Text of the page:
Why I use TypeScript
You might well see that my blog starts to center around TypeScript a lot recently. This might look like a strong deviation from what I usually blog and advocate: Performant, accessible and resilient web sites.
A lot of people ask me why I do so much with TypeScript, and why I see it as such a central piece of my day to day work. Let me explain by looking at the three encounters I had with TypeScript.
1. November 2012 - TypeScript at our local meetup #
So I dismissed TypeScript.
2. Around 2015 - Giving Angular a try #
Staying curious, I tried out the upcoming version of Angular. Don’t pin me on the date. It was a
release candidate of Angular 2. A framework that pushed TypeScript to more popularity. And the first steps
I made needed to be very strongly typed. So much annotations and decorators Angular needs to understand your
any was my best friend. But I got lost, and I gave up. I remember me saying: “TypeScript wants to know
the type of my backend results. How do I know? I haven’t even console logged it, yet!”
So… I decided to stay off of TypeScript for a while. To be fair, back then my Angular knowledge was very limited. And I think so was my willigness to change that.
3. Paternity leave 2018. Learning #
I was on paternity leave in 2018 for three months, and had the chance to learn a lot while my baby child was sleeping. I also learned new programming languages. And I thought I should give TypeScript and React a try. Just to better know what I’m talking about. And being able to judge without looking at mere aesthetics.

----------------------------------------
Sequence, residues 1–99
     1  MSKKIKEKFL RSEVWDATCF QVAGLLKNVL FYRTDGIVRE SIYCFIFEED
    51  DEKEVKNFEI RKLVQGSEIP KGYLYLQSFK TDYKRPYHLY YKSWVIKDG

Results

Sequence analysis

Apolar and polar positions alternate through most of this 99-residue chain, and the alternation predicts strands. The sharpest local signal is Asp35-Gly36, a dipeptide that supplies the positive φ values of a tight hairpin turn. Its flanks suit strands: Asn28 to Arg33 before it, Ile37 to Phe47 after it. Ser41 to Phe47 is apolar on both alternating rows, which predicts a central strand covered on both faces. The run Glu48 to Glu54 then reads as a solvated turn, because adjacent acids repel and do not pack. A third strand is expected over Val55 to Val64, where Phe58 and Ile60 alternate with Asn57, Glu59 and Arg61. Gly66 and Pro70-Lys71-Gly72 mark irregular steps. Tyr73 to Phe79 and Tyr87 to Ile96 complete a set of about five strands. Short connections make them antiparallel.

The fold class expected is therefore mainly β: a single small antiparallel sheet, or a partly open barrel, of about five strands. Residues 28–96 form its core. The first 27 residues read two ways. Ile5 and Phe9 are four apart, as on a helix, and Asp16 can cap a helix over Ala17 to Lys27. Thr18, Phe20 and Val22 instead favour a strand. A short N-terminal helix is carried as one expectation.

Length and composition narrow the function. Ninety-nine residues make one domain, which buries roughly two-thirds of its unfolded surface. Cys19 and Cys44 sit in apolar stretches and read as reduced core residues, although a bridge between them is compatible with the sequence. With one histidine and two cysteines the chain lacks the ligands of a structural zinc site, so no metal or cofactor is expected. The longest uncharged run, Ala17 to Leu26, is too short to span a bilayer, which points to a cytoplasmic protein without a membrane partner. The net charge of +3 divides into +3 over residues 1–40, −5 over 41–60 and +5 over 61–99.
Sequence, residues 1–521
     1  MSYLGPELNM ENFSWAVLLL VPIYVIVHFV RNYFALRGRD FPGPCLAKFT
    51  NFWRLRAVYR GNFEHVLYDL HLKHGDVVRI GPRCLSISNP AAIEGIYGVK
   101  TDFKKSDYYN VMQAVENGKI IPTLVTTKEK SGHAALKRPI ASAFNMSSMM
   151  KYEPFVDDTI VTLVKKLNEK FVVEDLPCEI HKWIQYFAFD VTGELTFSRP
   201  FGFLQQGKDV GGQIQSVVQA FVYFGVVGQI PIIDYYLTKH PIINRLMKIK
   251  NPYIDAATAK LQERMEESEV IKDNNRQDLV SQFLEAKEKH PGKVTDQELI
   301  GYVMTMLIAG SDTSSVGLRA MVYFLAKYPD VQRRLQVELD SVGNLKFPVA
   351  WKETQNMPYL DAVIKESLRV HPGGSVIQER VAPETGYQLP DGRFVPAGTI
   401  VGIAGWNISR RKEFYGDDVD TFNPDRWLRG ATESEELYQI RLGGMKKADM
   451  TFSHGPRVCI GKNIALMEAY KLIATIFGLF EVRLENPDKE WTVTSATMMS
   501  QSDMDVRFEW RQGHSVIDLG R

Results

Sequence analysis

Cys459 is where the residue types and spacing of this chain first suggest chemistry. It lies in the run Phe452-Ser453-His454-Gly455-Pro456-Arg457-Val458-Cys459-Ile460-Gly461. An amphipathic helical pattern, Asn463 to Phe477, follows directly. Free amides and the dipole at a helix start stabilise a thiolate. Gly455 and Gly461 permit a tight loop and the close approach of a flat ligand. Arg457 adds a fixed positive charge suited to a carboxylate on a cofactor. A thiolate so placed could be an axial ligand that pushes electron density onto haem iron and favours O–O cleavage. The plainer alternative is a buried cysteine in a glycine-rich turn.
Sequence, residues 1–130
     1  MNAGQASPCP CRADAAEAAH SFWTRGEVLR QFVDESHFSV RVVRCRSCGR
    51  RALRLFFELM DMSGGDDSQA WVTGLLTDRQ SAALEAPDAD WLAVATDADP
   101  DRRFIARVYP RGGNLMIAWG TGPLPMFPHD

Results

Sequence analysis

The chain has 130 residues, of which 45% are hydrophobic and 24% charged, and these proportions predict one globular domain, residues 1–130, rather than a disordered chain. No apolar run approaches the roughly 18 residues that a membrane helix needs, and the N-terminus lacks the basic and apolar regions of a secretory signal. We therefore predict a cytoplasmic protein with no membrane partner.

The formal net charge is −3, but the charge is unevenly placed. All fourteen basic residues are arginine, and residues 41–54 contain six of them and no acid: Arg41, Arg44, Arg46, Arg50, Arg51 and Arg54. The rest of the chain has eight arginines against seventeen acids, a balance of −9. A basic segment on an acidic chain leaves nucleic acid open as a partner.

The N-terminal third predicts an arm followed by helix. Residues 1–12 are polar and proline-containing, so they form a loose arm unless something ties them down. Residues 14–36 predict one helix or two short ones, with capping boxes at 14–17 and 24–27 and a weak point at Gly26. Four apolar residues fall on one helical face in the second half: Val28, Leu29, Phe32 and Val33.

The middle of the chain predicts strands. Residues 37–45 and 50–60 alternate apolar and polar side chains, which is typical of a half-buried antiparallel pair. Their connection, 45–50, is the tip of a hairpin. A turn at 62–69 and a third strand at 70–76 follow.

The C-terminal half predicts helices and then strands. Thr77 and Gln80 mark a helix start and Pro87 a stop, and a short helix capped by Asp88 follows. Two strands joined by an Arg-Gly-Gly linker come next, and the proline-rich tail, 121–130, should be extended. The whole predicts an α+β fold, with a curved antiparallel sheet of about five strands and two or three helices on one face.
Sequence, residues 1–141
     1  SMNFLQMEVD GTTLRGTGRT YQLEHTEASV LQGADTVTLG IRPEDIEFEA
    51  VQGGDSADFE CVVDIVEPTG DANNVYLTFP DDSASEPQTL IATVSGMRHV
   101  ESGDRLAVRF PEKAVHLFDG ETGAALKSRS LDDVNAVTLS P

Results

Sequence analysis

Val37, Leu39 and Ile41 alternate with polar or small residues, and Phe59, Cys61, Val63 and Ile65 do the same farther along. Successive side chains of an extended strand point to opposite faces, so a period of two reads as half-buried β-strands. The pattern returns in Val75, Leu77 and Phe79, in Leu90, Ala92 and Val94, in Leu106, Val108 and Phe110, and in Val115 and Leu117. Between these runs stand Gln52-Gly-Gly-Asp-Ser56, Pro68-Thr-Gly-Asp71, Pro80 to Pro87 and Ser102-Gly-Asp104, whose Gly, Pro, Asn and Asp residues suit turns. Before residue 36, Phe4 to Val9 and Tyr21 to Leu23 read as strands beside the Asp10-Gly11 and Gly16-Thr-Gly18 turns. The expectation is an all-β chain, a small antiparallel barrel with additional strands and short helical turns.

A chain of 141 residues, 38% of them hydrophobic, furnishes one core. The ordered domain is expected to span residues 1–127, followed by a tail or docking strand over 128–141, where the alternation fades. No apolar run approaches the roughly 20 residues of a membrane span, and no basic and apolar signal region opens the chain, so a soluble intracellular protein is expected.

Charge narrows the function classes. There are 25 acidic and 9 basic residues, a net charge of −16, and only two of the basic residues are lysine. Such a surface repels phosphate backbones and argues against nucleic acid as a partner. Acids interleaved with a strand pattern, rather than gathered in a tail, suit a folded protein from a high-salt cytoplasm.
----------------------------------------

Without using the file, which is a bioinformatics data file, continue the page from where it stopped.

But then came the revelation: TypeScript analyses my code constantly. And can give great information on my code without me needing to do anything. Information my editor shows to me every time I write.
This goes well with TypeScript’s design goals
- It’s gradual. Which means you can adopt TypeScript features whenever you feel the need to.
- Control flow analysis. Everytime TypeScript can help you narrowing down possible types, it does.
- It closely tracks the ECMAScript standard. Nowadays you don’t get extra language features that haven’t reached stage 3 in ECMAScript
- Tooling, tooling, tooling. TypeScript’s not here to restrict you. TypeScript is here to provide you with tools that make you more productive.
- Every time you want to have better types, add type annotations
- Enjoy this as some extra documentation when you revisit a project
And when you work like that, it’s easy to like TypeScript. And that’s why I use it so much and why I want to write about it. It helps me, my co-workers, and my future self to actually know what I’ve been thinking. Can’t go wrong without that.